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Blue Oyster Cult

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Blue Oyster Cult - Secret Treaties [Columbia KC 32858] (April 1974)

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ITEM# SR-COKC32858
Ratings: C=G+; LP=VG

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Artist:

Blue Oyster Cult

Title:

Secret Treaties

Released: April 1974
Label: Columbia
Catalog: KC 32858
Genre: Hard Rock


T R A C K L I S T:
01 Career Of Evil
02 Subhuman
03 Dominance And Submission
04 ME 262v 05 Cagey Cretins
06 Harvester Of Eyes
07 Flaming Telepaths
08 Astronomy
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Album Review

Thom Jurek [allmusic.com]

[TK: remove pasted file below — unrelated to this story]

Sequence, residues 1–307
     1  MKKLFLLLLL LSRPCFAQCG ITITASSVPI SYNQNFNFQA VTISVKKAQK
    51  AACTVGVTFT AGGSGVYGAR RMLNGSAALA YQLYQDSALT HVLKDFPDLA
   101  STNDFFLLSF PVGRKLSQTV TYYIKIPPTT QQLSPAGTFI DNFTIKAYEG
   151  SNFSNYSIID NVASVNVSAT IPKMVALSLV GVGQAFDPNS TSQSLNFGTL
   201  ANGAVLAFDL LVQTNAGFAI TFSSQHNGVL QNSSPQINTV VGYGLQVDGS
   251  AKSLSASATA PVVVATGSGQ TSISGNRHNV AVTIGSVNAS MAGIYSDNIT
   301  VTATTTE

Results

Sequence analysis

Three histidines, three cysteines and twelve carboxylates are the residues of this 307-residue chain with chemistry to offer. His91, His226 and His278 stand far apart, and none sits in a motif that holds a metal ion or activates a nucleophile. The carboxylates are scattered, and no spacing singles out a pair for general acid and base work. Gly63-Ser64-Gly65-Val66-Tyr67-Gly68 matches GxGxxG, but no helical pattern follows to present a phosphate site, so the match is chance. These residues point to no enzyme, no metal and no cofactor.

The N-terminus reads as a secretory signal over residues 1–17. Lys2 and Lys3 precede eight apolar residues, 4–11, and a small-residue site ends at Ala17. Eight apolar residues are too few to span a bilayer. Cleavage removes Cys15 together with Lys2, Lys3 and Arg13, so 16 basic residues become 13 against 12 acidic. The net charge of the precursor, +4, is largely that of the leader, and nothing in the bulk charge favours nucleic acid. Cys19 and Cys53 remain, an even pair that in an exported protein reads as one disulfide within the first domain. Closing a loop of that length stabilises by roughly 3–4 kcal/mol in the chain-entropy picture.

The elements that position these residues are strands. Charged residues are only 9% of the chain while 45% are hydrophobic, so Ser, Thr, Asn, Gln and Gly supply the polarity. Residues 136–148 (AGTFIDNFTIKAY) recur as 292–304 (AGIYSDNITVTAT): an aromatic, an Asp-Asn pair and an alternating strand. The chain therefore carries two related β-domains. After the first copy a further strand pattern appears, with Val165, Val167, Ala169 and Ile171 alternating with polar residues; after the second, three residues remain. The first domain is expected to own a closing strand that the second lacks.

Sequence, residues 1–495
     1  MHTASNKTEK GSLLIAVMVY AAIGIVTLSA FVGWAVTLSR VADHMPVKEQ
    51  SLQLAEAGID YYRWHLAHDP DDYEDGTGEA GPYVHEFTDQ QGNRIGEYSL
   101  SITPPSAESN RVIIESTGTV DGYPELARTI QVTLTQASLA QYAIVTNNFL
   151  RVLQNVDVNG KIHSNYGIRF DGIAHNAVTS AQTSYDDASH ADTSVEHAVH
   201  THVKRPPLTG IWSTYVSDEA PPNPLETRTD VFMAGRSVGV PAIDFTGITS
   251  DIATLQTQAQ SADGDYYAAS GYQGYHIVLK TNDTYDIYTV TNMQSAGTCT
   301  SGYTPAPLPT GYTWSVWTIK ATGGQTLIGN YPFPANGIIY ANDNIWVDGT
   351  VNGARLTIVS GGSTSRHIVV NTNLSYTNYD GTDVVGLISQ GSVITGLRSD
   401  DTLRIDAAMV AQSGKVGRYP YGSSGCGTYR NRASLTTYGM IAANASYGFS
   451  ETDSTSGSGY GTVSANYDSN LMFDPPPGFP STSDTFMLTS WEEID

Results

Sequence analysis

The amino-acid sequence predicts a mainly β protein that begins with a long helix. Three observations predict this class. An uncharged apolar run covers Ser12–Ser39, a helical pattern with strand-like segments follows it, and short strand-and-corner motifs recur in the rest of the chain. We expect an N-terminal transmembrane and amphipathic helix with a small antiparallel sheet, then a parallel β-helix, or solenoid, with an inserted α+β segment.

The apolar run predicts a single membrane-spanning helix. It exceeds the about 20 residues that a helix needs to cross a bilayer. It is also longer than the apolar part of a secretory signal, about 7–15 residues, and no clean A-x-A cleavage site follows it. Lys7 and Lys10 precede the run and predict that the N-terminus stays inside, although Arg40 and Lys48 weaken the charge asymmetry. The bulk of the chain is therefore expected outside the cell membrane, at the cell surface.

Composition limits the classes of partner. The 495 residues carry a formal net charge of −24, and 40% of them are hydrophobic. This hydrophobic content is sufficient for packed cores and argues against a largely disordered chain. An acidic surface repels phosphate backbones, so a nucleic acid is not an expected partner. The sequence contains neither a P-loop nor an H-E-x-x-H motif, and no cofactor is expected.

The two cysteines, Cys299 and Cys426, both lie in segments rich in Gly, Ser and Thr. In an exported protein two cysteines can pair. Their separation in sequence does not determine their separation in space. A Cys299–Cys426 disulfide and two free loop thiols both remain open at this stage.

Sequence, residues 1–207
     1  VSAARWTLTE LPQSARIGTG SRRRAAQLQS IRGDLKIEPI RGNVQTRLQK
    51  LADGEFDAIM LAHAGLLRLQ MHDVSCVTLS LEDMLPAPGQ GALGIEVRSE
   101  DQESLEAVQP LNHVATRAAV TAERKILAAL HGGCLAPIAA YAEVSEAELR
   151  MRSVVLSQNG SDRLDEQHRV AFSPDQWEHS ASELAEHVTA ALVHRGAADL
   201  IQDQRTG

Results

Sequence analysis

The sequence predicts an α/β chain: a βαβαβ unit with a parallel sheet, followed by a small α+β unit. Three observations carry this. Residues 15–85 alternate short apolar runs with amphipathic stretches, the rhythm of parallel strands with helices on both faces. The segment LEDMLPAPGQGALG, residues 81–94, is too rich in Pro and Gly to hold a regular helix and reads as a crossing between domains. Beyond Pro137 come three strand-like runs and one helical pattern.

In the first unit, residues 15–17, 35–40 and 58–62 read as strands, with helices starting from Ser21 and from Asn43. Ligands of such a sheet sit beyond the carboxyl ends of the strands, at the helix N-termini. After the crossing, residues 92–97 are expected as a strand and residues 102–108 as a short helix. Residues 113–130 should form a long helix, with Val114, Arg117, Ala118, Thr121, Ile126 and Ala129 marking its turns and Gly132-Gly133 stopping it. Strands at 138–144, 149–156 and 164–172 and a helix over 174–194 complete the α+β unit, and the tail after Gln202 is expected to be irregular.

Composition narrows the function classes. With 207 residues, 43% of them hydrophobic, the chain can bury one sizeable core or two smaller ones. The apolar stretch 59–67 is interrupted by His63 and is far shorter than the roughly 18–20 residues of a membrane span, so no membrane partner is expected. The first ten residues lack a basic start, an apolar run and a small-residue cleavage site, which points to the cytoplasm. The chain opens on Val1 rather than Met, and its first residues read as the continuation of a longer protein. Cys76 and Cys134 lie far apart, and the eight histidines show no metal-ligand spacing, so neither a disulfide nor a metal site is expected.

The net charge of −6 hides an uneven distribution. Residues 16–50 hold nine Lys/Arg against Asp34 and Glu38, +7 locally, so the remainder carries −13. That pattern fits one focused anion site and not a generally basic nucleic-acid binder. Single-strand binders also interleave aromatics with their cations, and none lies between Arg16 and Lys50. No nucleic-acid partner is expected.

While the speed-freak adrenaline heaviness and shrouded occult mystery of Tyranny and Mutation is the watermark for Blue ÷yster Cult's creative invention, it is Secret Treaties that is widely and critically regarded as the band's classic. Issued in 1974, Secret Treaties is the purest distillation of all of B÷C's strengths. Here the songs are expansive, and lush in their textures. The flamboyance is all here, and so are the overdriven guitar riffs provided by Buck Dharma and Eric Bloom. But there is something else, texturally, that moves these songs out from the blackness and into the shadows. Perhaps it's the bottom-heavy mix by producer and lyricist Sandy Pearlman, with Allen Lanier's electric piano and Joe Bouchard's bass coming to rest in an uneasy balance with the twin-guitar attack. Perhaps it's in the tautness of songwriting and instrumental architectures created by drummer Albert Bouchard, Bloom, and Don Roeser (Buck Dharma). Whatever it is, it offers the Cult a new depth and breadth. While elements of psychedelia have always been a part of the band's sound, it was always enfolded in proto-metal heaviness and biker boogie. Here, B÷C created their own brand of heavy psychedelic noir to diversify their considerably aggressive attack. Listen to ''Subhuman'' or ''Dominance and Submission.'' Their minor chord flourishes and multi-tracked layered guitars and Bouchard's constantly shimmering cymbals and snare work (he is the most underrated drummer in rock history) and elliptical lyrics -- that Pearlman put out in front of the mix for a change -- added to the fathomless dread and mystery at the heart of the music. Elsewhere, on ''Cagey Cretins'' and ''Harvester of Eyes'' (both with lyrics by critic Richard Meltzer), the razor-wire guitar riffs were underscored by Lanier's organ, and their sci-fi urgency heightened by vocal harmonies. But it is on ''Flaming Telepaths,'' with its single-chord hypnotic piano line that brings the lyric ''Well, I've opened up my veins too many times/And the poison's in my heart in my heart and in my mind/Poison's in my bloodstream/Poison's in my pride/I'm after rebellion/I'll settle for lives/Is it any wonder that my mind is on fire?'' down into the maelstrom and wreaks havoc on the listener. It's a stunner, full of crossing guitar lines and an insistent, demanding rhythmic throb. The set closes with the quark strangeness of ''Astronomy,'' full of melancholy, dread, and loss that leaves the listener unsettled and in an entirely new terrain, having traveled a long way from the boasting rockery of ''Career of Evil'' that began the journey. It's a breathless rock monolith that is all dark delight and sinister pleasure. While the Cult went on to well-deserved commercial success with Agents of Fortune an album later, the freaky inspiration that was offered on their debut, and brought to shine like a black jewel on Tyranny and Mutation, was fully articulated as visionary on Secret Treaties.